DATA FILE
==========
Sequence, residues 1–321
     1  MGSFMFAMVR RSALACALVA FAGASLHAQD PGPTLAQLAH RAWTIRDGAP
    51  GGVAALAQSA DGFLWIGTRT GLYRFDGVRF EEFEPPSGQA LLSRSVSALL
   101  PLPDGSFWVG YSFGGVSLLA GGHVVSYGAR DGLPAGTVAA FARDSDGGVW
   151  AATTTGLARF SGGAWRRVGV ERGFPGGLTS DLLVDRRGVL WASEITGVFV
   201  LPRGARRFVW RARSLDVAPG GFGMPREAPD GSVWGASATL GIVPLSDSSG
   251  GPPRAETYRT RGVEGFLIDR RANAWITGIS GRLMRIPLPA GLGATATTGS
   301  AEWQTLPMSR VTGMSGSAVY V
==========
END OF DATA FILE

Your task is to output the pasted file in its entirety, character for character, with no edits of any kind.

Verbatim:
Sequence, residues 1–321
     1  MGSFMFAMVR RSALACALVA FAGASLHAQD PGPTLAQLAH RAWTIRDGAP
    51  GGVAALAQSA DGFLWIGTRT GLYRFDGVRF EEFEPPSGQA LLSRSVSALL
   101  PLPDGSFWVG YSFGGVSLLA GGHVVSYGAR DGLPAGTVAA FARDSDGGVW
   151  AATTTGLARF SGGAWRRVGV ERGFPGGLTS DLLVDRRGVL WASEITGVFV
   201  LPRGARRFVW RARSLDVAPG GFGMPREAPD GSVWGASATL GIVPLSDSSG
   251  GPPRAETYRT RGVEGFLIDR RANAWITGIS GRLMRIPLPA GLGATATTGS
   301  AEWQTLPMSR VTGMSGSAVY V